Thursday, December 14

Natural Treatments For Depression

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NATURAL TREATMENTS FOR DEPRESSION

     Depression has been called the common cold of psychiatric illnesses.  About 13-20% of the population has a touch of it at any given time.  However, only 2-3.5% of us suffer major depression.  Women get depressed more than men, but bipolar disorder affects the sexes equally.  How do you know that you’re depressed?  Syd Baumel in his book “Dealing With Depression Naturally” comments, “Passive negativity – being stuck – is the hallmark of depression, the heart is a barren chamber, devoid of positive feelings and impulses.  It may even feel like you’ve lost your soul.  In psychotic major depression, the negativity becomes delusional.  The rich believe they’re bankrupt; the healthy that they’re dying (or dead), the virtuous that they’re guilty of unspeakable sins, even that they’re the Devil himself.  Physically, the negativity of depression manifests itself in tiredness and fatigue, in an increased sensitivity to body aches and pains, and in a neuropsychological dulling of the mind’s edges (enough to make some elderly persons seem senile).  The severely or psychotically depressed may think, say and do everything in extreme slow motion, and may even be catatonically “paralyzed.”  People who have major depression may sleep too much or suffer from insomnia.  They may overeat or starve themselves.  They feel hopeless, sad, and in despair.  I suffer from depression and I cannot get life insurance because of it.  Major insurance companies consider depressed persons to be too much of a risk of suicide.

Should I Take Antidepressants?

     There are many antidepressants on the market that are prescribed for depression – Effexor, Zoloft, Paxil, Prozac, Wellbutrin, Elavil, Sinequin, etc..  However, the side effects may include weight gain, loss of libido, dry mouth, memory impairment, and many other unpleasant effects.  If you suffer from major depression your mental health professional will probably insist on you taking antidepressants.  I suffer from bipolar disorder so I have to take medication for depression or I would not be able to function.  The frustration I have with medication though is that for the first few weeks the antidepressants seem to lift me up and then, as my body becomes accustomed to the drugs, I find that the therapeutic effects are diminished.  What I’m going to talk about in this article are natural supplements that can brighten a dark mood and can be taken while you are taking antidepressant medications.  If you suffer from mild to moderate depression you may be able to use herbs and supplements exclusively and forgo the drug treatments all together.  You have to decide if your depression is severe enough to put up with the side effects of the antidepressant drugs or not. Certainly, if you are suicidal you should seek counselling, a help line, or professional help.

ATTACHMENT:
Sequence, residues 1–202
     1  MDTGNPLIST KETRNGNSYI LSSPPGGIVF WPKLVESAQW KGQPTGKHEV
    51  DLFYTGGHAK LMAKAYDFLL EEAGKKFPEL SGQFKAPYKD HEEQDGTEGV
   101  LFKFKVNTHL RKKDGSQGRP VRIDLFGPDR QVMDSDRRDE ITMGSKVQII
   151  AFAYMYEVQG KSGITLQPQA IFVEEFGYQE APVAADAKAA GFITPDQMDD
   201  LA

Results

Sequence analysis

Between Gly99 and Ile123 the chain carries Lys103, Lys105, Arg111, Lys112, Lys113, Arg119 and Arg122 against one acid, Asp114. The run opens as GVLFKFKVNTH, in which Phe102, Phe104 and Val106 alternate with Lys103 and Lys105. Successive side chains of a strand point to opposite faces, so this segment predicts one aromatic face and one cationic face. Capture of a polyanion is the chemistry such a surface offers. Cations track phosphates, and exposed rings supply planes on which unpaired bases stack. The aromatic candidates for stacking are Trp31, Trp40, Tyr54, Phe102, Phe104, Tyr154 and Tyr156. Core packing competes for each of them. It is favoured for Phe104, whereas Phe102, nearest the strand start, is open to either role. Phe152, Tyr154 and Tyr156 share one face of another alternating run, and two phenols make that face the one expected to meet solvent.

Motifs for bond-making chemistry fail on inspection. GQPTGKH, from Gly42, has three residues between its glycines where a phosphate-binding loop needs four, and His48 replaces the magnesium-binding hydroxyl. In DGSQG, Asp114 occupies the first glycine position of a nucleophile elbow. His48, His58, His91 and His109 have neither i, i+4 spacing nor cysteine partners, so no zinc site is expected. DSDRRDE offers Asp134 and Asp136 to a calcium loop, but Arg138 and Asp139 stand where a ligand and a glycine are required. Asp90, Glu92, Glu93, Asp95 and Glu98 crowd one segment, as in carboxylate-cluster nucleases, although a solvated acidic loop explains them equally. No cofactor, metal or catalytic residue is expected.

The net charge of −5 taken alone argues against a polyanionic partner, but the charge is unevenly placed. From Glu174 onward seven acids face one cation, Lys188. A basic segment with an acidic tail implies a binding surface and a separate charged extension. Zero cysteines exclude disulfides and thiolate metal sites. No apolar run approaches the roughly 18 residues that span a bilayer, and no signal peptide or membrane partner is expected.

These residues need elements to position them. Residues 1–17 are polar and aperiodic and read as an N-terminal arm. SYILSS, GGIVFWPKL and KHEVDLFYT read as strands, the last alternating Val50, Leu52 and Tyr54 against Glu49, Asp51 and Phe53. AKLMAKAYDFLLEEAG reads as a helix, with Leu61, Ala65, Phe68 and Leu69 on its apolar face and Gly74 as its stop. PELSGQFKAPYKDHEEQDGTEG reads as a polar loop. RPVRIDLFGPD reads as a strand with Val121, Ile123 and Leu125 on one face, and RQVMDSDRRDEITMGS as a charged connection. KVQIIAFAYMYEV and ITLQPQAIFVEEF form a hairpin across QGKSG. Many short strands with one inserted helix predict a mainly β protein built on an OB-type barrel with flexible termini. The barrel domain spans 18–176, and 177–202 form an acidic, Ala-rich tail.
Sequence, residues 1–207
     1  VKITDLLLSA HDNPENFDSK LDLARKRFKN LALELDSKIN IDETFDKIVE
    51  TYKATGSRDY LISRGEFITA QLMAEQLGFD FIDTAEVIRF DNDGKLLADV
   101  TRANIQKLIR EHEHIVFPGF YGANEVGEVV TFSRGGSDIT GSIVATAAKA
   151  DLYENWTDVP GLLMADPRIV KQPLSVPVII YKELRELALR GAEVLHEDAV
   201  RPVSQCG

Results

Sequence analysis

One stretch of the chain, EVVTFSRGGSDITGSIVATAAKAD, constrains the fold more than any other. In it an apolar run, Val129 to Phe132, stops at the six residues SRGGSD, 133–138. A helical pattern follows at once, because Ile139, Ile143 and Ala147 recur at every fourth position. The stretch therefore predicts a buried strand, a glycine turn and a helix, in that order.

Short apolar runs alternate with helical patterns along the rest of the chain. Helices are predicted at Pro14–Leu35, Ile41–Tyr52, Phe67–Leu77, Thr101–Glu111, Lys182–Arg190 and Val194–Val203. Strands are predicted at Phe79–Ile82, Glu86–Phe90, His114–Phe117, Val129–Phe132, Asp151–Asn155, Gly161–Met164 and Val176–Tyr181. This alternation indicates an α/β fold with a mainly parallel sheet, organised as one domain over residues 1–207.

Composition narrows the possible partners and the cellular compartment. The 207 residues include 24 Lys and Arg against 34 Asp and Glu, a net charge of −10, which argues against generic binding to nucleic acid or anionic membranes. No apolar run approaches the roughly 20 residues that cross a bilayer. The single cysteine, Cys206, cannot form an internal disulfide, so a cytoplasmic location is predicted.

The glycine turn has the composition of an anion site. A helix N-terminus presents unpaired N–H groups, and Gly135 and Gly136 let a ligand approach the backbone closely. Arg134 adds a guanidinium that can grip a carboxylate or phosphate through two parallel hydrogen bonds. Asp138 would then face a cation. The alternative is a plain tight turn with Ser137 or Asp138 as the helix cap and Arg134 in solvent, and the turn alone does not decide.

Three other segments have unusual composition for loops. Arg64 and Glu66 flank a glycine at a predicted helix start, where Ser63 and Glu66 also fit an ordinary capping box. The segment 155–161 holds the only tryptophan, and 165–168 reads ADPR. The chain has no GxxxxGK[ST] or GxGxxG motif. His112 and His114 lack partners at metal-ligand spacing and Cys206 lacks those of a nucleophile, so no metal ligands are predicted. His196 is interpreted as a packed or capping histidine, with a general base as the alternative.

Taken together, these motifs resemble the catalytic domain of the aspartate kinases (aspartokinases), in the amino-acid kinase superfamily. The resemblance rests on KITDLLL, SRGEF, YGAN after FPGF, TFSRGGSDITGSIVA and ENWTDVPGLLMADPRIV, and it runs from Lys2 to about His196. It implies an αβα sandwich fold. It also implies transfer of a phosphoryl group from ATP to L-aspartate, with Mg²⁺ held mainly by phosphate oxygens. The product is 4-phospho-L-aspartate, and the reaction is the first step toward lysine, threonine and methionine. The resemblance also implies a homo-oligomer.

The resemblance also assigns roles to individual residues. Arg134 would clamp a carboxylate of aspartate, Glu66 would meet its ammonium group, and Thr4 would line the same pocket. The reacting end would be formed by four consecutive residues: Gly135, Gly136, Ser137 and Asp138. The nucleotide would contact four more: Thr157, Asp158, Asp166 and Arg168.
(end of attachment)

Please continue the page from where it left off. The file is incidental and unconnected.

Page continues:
Mood Sabilizing and Enhacing Supplements

     I found an interesting Internet site at:   http://www.pendulum.org/articles/articles_misc_lisaalt.html which discusses some supplements that may boost the mood stabilizing effects of psychiatric medications.

Lecithin and Bipolar Illness

 It recommends taking Lecithin (Phosphatidyl Choline) to help bipolar depression.  The site comments, “A fairly convincing number of studies suggest that this substance has significant effects on the manic-depressive, with some claiming that it stabilizes moods while others suggesting that it serves as a mood depressant.  It is probable that it actually as both actions.  For that reason, although lecithin may be useful in helping to stabilize moods, it should probably be used cautiously, with the patient starting at a fairly low dosage (perhaps 2 capsules of a 35% concentration of the substance per day) and then
Increasing gradually until moods are stabilized or mild depression is encountered. … The recommended amount of this substance for this use seems to vary widely – some people suggest that relatively small amounts (perhaps 3-12 capsules per day) can be quite effective, while others suggest that only much greater amounts tend to be fully effective … .  Even if lecithin is only particularly successful in reducing mood swings, however, this may still be helpful for those who want to reduce their dosages of prescription medications (for instance, because of side effects at higher amounts) or for those who suffer  less mood swings.  Most writers seem to recommend splitting the doses of lecithin over the course of the day (2-3 times per day), or taking the full dosage at night.  With bipolar illness eliminating the manic phase is important in controlling the depressive phase, because what goes up must come down.